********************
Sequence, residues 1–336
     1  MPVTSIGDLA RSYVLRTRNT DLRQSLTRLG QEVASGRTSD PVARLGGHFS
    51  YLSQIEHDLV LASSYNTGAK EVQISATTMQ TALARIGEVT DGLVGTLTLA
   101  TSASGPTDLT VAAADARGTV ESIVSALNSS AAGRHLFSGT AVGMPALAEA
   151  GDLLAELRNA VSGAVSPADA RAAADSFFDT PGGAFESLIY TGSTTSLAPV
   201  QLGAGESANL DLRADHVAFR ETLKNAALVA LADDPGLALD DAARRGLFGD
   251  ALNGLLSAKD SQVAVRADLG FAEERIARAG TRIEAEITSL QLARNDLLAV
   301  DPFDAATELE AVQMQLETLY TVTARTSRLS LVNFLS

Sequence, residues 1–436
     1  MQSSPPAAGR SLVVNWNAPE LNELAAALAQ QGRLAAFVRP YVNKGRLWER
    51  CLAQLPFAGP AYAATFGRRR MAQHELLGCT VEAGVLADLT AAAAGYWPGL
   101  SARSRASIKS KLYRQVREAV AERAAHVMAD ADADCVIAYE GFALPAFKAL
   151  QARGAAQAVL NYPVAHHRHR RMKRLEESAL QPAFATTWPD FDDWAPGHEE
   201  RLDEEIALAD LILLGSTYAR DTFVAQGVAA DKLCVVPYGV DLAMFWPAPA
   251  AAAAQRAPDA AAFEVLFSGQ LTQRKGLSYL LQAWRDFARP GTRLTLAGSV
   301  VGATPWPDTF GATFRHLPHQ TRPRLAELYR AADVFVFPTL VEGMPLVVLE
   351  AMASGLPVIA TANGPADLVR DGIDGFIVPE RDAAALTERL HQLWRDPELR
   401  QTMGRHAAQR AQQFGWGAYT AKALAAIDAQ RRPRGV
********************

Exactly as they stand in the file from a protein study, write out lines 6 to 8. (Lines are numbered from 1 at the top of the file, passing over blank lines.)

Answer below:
   201  QLGAGESANL DLRADHVAFR ETLKNAALVA LADDPGLALD DAARRGLFGD
   251  ALNGLLSAKD SQVAVRADLG FAEERIARAG TRIEAEITSL QLARNDLLAV
   301  DPFDAATELE AVQMQLETLY TVTARTSRLS LVNFLS